The Sparrow That Acts as an Early Warning Signal

Saltmarsh sparrow nests in the marshes of the Sound.
Saltmarsh sparrows nest in the marshes of the Sound. Photo by Patrick Comins.

The saltmarsh sparrow faces many threats to its survival. Development along the coast has replaced much of its tidal habitat. Contaminants and invasive species such as Phragmites degrade some of the habitat that is left. But the most critical threat, says Chris Elphick, an ornithologist and conservation biologist at the University of Connecticut, might now be the impact sea level rise has on the sparrow’s ability to reproduce.

Saltmarsh sparrows build their nests, lay their eggs and raise their young in the high marsh vegetation of tidal wetlands, close to the water’s edge. If they complete this whole process within 26 days, their young are likely to succeed before the extremely high tides of the month wash away the nests. But an increase of sea-level rise of even a couple of inches will likely mean more nests will wash away, and the species’ reproductive success will decline.

“We know that sea-level rise is going to keep on increasing for the next few decades, so with the rising sea level, the frequency with which nests are likely to flood is going to go up and that means the birds face a very uncertain future,” said Elphick, during a site visit to one of the prime Long Island Sound habitats for tidal marsh birds, the Barn Island Wildlife Management Area in Stonington, CT.

Elphick has been studying the saltmarsh sparrow, identified as Vulnerable BirdLife International, in Connecticut marshes for more than 10 years. Most of the sparrows breed in the northeast United States where a network of scientists, including Elphick, collaborate to monitor the health of tidal marsh birds and their habitat through the Saltmarsh Habitat and Avian Research Program. This group recently estimated the global population to be a little over 50,000 individuals.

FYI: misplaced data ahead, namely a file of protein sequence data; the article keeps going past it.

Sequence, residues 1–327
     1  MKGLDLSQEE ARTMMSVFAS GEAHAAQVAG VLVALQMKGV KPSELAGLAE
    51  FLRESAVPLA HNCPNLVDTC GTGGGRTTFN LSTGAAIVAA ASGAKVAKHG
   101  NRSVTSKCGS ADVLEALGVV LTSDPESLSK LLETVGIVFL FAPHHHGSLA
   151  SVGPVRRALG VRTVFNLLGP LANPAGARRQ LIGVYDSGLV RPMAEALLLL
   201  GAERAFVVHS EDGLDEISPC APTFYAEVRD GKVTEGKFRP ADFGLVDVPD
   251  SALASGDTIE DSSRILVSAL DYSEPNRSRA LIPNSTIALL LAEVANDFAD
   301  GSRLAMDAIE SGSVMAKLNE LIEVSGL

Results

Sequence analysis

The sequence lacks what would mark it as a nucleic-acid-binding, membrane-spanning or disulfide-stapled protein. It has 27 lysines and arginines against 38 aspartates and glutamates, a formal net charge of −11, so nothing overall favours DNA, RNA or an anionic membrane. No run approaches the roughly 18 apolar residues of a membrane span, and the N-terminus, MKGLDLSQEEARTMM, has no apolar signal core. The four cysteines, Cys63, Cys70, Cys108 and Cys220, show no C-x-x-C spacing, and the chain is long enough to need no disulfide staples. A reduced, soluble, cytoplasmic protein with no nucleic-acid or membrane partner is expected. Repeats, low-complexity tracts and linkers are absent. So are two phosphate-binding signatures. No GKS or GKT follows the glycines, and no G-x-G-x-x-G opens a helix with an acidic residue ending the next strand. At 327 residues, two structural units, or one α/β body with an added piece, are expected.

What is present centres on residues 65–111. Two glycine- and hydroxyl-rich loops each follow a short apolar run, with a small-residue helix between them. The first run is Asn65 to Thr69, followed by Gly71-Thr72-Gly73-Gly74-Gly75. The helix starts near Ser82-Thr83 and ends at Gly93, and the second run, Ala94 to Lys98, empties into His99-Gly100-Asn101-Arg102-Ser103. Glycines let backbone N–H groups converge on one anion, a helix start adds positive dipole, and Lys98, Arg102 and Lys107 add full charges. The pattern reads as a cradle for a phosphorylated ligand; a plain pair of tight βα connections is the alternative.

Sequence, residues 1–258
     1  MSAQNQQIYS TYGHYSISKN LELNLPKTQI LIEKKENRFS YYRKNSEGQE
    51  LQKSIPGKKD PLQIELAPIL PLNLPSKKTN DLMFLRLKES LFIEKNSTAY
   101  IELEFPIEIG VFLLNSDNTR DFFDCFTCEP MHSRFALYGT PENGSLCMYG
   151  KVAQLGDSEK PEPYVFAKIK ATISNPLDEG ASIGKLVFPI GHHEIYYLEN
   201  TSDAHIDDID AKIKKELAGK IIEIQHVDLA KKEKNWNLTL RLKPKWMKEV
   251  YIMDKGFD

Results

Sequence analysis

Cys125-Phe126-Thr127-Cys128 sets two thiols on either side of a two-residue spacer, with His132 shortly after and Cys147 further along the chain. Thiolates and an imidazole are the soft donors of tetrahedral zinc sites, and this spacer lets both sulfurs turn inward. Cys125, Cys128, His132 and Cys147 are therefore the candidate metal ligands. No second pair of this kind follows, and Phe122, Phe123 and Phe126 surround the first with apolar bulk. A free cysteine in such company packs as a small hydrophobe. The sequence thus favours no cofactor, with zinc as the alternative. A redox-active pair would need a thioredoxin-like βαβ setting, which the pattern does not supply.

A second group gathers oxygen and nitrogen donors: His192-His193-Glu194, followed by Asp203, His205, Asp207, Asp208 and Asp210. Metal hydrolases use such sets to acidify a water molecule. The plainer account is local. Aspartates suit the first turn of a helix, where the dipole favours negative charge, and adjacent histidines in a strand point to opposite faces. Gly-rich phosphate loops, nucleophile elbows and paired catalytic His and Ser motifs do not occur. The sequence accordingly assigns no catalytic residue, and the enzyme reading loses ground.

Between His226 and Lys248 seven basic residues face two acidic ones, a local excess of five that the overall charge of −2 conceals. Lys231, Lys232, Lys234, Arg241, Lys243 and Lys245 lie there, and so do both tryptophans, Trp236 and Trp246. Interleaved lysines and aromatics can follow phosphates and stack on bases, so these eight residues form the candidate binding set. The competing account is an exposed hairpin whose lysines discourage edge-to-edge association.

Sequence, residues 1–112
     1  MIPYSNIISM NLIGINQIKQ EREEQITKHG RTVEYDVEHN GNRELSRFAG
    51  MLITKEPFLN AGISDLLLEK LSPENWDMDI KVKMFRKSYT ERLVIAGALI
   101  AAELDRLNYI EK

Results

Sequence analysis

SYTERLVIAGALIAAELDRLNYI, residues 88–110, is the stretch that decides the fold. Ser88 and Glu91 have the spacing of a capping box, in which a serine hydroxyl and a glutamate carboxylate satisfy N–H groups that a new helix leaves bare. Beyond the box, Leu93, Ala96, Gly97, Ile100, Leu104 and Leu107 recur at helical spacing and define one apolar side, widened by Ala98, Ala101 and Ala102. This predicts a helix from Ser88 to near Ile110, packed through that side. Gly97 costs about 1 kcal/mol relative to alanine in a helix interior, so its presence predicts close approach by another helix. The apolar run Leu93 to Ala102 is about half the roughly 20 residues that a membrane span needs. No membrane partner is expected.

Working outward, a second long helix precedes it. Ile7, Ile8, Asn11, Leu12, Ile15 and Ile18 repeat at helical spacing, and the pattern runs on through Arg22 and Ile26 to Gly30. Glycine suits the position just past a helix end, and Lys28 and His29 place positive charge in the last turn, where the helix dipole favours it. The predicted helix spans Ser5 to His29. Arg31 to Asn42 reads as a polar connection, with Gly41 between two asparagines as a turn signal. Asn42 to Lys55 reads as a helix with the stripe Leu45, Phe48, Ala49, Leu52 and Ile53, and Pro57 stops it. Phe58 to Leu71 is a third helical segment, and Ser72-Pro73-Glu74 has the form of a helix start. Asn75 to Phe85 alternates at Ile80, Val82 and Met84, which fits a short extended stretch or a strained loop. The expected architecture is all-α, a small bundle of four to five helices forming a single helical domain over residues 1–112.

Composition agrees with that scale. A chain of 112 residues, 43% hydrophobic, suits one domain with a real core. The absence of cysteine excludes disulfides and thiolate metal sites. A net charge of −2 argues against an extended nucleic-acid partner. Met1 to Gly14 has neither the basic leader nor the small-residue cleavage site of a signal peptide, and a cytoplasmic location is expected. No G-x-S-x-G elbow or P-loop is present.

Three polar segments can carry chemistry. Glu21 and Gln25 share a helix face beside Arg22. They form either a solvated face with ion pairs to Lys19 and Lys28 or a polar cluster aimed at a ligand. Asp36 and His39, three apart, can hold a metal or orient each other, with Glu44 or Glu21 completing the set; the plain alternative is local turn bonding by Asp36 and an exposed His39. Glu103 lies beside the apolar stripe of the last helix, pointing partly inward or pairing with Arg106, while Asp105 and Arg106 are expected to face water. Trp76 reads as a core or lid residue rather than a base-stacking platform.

In 2012, Elphick’s research was funded by the Long Island Sound Sentinel Monitoring for Climate Change Program. The Program sought to develop pilot “sentinel” indicators that would act as early warning signals to detect the impact of climate change in the Long Island Sound ecosystem. Sentinel indicators include species or habitats considered particularly vulnerable to climate change impacts in Long Island Sound.

Elphick and his co-investigator, Chris Field, at the time a PhD student at University of Connecticut, along with Min Huang of the Connecticut Department of Energy and Environmental Protection and colleagues from the University of Maine, were awarded a two-year grant that included monitoring the saltmarsh sparrow and three other tidal wetland birds at 141 marshland sites in Long Island Sound. Of the four birds studied, the saltmarsh sparrow is the most affected by high tides because they nest lower in saltmarsh vegetation.

“Saltmarsh sparrows are particularly sensitive to those flooding effects,” said Elphick. “They are like an early warning system. They are like the canary in the coal mine in that they tell us that things are changing.”

Elphick added, “They will be affected before everything else is affected, and so by studying this one species that most people have probably never heard of, we can learn something about the entire marsh system and how these marshes are going to fare in the future.”

Besides the tidal marsh birds, Elphick and Field studied other potential sentinels for the Sentinel Monitoring strategy, including beach-nesting birds, waterbirds that nest in coastal forests, and saltmarsh vegetation. Their findings are posted in the Climate Change and Sentinel Monitoring research projects section of the Long Island Sound Study website.

Watch a video of Chris Elphick discuss saltmarsh sparrows and climate change at the Barn Island Wildlife Management Area.

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